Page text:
The Van der Linde gang itself was hit hard, having to escape north into the mountains of Ambarino, eventually settling in an abandoned town called Colter. Morale among the members was extremely low following the massacre, with Arthur and Hosea in particular blaming Micah for persuading Dutch to go ahead with something so reckless. The massacre also resulted in a number of casualties:
- John Marston was shot in the arm during the massacre, although it appears to have been a fairly minor injury as he was sent out scouting shortly afterwards when the gang had reached Ambarino.
- Charles Smith burned his hand, and while unable to properly use a bow was still well enough to manage the gang's horses and otherwise help with camp work in Colter.
- Davey Callander sustained what proved to be a fatal gunshot wound to the gut during the massacre, but survived long enough to accompany the rest of the gang in heading north. He passed away shortly after the gang reached Colter, and was subsequently buried there.
- Mac Callander was also shot and was unable to leave with the escaping gang. He was found by Agent Milton shortly afterwards, who described Mac as “pretty shot up”. The detective questioned Mac, and later killed him in what he sarcastically described as a “mercy killing” sometime later.
- Jenny Kirk was mortally wounded and died shortly after the gang’s escape, passing away some time before Davey. She was buried just north of Colter.
- Sean MacGuire wasn't injured, but was captured by bounty hunters led by Ike Skelding shortly after the events of the massacre, who intended to transfer him to a federal prison. Sean was also tortured at some point, but refused to reveal anything. He was later rescued by his fellow gang members.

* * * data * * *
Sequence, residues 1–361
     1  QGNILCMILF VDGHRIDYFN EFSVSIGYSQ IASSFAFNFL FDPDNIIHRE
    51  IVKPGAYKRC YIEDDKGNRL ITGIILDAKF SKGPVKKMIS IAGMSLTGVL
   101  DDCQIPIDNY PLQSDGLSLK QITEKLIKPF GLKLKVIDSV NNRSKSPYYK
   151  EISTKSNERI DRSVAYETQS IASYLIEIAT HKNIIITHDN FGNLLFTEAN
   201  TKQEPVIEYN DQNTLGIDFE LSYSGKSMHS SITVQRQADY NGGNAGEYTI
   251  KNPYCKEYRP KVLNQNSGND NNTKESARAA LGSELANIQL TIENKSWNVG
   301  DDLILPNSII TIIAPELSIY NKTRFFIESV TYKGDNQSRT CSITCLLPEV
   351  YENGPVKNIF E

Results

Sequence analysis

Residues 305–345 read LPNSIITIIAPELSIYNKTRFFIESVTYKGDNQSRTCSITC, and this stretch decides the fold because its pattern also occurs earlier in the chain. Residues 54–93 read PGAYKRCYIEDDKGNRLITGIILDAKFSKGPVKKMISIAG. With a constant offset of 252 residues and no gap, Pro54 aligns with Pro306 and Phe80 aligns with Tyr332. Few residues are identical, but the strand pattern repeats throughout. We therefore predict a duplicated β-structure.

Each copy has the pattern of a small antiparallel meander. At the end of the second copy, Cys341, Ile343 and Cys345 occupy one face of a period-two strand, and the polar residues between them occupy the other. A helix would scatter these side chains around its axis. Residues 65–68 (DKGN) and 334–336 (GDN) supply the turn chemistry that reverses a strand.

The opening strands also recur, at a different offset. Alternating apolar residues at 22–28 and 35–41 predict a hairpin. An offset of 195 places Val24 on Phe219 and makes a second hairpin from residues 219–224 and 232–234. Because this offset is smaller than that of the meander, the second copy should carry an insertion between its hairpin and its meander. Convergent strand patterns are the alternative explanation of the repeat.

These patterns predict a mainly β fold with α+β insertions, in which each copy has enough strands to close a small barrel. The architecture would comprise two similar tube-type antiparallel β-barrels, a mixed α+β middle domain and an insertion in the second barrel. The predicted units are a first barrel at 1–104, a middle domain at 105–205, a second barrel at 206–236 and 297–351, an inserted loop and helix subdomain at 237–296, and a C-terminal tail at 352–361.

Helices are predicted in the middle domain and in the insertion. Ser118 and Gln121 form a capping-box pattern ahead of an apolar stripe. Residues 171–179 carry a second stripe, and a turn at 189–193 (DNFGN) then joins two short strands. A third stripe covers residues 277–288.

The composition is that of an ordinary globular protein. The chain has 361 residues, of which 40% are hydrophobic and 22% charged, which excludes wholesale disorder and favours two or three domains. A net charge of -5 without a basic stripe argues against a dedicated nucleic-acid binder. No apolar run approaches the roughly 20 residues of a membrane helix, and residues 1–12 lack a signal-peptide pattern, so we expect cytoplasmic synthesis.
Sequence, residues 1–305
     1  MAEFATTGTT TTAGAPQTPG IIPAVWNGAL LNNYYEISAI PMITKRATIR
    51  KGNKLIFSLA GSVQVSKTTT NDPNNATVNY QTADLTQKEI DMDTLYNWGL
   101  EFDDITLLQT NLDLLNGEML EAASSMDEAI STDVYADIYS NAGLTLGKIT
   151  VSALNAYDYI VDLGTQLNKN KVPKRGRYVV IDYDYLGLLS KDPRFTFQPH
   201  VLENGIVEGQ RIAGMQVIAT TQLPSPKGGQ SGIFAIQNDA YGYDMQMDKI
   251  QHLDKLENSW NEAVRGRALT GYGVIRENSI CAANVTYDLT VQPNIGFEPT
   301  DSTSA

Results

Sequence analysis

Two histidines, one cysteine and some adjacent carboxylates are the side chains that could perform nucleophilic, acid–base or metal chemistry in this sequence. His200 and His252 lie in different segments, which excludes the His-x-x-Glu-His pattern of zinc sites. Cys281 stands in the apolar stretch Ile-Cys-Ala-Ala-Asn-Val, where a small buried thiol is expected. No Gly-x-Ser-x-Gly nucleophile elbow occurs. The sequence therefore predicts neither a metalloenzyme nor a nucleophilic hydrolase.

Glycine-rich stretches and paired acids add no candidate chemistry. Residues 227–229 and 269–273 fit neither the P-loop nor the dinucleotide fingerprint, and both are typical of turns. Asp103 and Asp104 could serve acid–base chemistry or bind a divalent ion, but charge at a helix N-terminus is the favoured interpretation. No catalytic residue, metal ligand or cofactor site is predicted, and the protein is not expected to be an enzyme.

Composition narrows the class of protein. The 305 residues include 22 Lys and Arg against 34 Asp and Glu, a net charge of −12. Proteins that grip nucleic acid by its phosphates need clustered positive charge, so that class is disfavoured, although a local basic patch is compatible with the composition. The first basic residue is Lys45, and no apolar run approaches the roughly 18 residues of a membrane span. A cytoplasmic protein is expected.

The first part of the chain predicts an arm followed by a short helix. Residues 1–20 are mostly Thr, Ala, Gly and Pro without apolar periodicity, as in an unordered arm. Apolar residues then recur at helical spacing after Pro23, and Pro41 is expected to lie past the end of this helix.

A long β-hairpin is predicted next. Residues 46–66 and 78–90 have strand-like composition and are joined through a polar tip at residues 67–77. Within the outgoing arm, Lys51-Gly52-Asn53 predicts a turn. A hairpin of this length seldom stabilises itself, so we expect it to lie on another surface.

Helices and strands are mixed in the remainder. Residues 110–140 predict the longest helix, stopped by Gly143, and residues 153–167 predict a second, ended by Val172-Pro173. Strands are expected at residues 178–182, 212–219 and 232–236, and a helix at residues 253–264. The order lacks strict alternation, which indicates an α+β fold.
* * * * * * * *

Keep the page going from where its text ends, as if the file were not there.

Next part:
Despite not gaining recognition for his involvement until some time after the event, Landon Ricketts' eventual status as one of the survivors of the infamous massacre has made him popular and has given him a legendary reputation throughout West Elizabeth and beyond. Willie Oats could also be a survivor, judging from various quotes.
- The extraordinarily large number of Pinkertons and the speed at which they appeared has prompted claims that the ferry robbery may have been a set-up. In the mission "Outlaws from the West", Dutch may say in optional dialogue: "That many men? Oh, they knew we were coming."
- Dialogue by Javier Escuella in his conversation with Arthur Morgan in the second mission of Chapter I explicitly states that the following gang members were present on the ferry or in its direct vicinity during the heist: Dutch Van der Linde, Micah Bell, Davey Callender, Mac Callander, Javier Escuella, Sean MacGuire and John Marston. Javier furthermore states: "By the time you boys showed up on the other side of town, we were only just holding on", indicating that Arthur Morgan and other gang members bailed out the gang members who were cornered on or near the ferry by Pinkertons and other lawmen by attacking them from behind.